Erdoğan is Fighting the Last War

Joost Lagendijk
June 18, 2013

With so many people standing still these days, we might as well spend some time to reflect on the reasons why the ruling party and especially Prime Minister Recep Tayyip Erdoğan are so manifestly on the wrong track in their assessment of the Gezi Park protests.

It makes sense, of course, to compare Erdoğan with other leaders such as Margaret Thatcher and Helmut Kohl, who, after having been in power for a long time, lost the capacity to “read” their societies in a proper way. It is equally true that the same qualities (stubbornness, unyielding commitment) that helped the Justice and Development Party (AKP) leader push through major reforms in the past (like reducing the political role of the military) are now working against him.

The thing that struck me most, however, in Erdoğan's speeches over the weekend was the impression that when the prime minister is talking about Gezi Park and the thousands of demonstrators all over Turkey, he is “fighting the last war.” Generals are notorious for their tendency to use the strategies and tactics of the past to achieve victory in the present. According to me, that is exactly what Erdoğan is doing now: sticking to old and, one must admit, often successful game plans and grand designs, not recognizing that conditions have changed.

Erdoğan's rise to power is inextricably connected with changes in Turkey's society and economy in the 1980s and 1990s that challenged the old power structures and created new spaces for conservative businessmen, media and politicians. The self-made man from Kasımpaşa is the most successful among a new generation of pious Muslims who went into politics, especially after he realized that, in order to reach his goals, he had to moderate his policies and rhetoric. Still, since he became Istanbul mayor in the 1990s, his battle has been with the old elite and their representatives in politics and society, knowing that he could count on the support of the downtrodden and marginalized plus the growing middle classes and new business elites who shared his social conservatism and economic liberalism. His sympathies have always been with like-minded companies that rose with him and not with the old and established ones like the Koç family.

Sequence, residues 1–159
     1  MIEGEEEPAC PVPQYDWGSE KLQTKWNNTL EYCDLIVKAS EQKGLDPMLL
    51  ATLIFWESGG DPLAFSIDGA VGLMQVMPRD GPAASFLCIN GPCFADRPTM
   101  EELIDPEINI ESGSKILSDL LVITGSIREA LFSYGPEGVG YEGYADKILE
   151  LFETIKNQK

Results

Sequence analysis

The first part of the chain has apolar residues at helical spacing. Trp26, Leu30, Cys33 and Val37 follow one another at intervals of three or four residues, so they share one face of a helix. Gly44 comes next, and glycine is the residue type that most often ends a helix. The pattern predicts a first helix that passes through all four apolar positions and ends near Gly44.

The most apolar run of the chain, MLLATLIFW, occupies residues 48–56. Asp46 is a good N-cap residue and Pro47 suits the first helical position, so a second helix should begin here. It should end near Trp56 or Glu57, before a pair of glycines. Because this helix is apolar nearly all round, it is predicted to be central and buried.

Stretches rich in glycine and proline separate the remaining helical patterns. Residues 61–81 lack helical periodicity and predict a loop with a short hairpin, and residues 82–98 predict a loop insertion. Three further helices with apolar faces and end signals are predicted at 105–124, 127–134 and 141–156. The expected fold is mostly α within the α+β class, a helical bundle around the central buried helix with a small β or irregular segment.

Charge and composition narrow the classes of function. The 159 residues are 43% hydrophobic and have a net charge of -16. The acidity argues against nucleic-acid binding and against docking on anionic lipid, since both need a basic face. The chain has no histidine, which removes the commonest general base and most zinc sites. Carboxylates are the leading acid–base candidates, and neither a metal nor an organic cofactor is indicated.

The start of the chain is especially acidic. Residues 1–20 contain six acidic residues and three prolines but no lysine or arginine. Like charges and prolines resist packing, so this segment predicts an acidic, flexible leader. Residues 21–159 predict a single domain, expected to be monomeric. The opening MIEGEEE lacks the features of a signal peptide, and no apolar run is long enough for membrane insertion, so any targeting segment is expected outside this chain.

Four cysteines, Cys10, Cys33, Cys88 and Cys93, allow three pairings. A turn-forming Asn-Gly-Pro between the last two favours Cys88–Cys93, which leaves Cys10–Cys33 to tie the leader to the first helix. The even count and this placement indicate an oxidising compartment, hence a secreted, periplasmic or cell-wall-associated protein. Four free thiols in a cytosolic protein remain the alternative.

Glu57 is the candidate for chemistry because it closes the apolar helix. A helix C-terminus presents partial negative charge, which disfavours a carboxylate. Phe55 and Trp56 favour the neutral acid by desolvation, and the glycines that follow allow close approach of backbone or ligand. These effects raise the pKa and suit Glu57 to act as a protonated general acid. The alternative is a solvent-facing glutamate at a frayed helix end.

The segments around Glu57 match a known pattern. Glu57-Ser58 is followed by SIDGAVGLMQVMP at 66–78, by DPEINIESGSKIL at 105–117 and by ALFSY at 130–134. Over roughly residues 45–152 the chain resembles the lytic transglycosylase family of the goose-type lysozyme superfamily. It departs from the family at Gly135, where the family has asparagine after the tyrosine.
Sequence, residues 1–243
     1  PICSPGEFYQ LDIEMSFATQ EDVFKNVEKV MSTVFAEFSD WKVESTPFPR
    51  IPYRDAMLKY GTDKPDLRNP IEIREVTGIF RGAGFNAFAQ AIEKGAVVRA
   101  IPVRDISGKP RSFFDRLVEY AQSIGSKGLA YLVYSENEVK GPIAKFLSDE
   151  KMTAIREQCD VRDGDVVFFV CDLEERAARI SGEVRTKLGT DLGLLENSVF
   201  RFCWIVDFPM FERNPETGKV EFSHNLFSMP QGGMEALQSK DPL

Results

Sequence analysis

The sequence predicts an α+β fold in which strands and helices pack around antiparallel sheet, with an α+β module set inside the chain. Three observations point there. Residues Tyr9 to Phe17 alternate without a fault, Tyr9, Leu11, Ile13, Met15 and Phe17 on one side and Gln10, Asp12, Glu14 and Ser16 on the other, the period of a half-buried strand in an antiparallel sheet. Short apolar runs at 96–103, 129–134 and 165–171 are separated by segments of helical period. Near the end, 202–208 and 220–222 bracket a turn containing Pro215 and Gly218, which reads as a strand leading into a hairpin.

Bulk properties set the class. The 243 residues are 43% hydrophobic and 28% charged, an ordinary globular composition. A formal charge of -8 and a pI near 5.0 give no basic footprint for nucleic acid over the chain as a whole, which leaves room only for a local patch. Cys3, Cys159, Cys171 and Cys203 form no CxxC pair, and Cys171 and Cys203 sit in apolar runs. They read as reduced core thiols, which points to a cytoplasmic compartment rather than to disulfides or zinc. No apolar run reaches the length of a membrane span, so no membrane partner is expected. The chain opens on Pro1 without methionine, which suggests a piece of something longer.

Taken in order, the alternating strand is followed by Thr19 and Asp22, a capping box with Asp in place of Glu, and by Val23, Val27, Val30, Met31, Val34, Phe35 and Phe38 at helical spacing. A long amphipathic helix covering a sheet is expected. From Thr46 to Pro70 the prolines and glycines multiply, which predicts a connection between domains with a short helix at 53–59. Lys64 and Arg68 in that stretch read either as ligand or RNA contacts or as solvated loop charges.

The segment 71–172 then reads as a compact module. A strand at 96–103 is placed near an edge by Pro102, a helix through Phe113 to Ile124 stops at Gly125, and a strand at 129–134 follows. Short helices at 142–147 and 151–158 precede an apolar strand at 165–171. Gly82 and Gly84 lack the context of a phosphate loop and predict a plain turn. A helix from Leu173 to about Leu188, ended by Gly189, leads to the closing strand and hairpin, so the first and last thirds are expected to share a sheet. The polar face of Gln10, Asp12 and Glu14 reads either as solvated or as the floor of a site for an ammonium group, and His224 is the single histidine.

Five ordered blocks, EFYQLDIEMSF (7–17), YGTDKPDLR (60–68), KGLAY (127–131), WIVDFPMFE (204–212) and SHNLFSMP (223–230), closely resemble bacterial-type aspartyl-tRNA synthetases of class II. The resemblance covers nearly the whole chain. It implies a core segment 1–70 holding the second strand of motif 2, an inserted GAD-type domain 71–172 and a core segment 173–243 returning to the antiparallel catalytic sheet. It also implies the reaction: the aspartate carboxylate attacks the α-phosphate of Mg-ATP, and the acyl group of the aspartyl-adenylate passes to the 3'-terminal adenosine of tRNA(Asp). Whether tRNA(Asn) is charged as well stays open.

That struggle has made him the most successful politician since Atatürk and brought Turkey a lot of gains that are often overlooked these days. The country has become more prosperous since the AKP came to power, nobody even considers calling the army to intervene and we have never been closer to a solution for the Kurdish problem. But, apparently, at the back of Erdoğan's mind there was always the fear that, one day, the old elites will try to strike back at him and his party because, deep down, they can't stand being ruled by a so-called Black Turk that does not respect their views or lifestyles.

Listening to Erdoğan, I think it is obvious that he is convinced the people who went out on the streets to protest him are being manipulated by the same old forces he has been fighting his whole political life. In his perception of reality, they want to undermine and eventually destroy the new Turkey he has been building. As is every Turkish citizen, he is also prone to believe that his old foes in Turkey are being assisted by their traditional allies abroad and in the international media.

What we end up with is a mix of worn-out conspiracy theories and a political vision based on the fights of the past.

It is tragic to see the man who contributed considerably to Turkey's journey towards a mature democracy is now stumbling somewhere halfway through because he is unable to understand that, as a result of his own policies, Turkey has changed. There is a new generation out there that has profited from the economic boom of the past 10 years. Like it or not, they take that for granted.

What they want now is more freedom, more democracy and less paternalism. Their demands have hit a chord with many Turks who have felt overpowered by the AKP leader for a long time.

In order to understand all this, Erdoğan needs to change his mental framework that served him well in the past but is not suited for the present and the future.


Originally published on Today's Zaman.

Photo by cvrcak1.


PN member Joost Lagendijk has been Member of the European Parliament from 1999 to 2009. He is now living and working in Turkey as a Columnist for the Turkish dailies Zaman and Today's Zaman.

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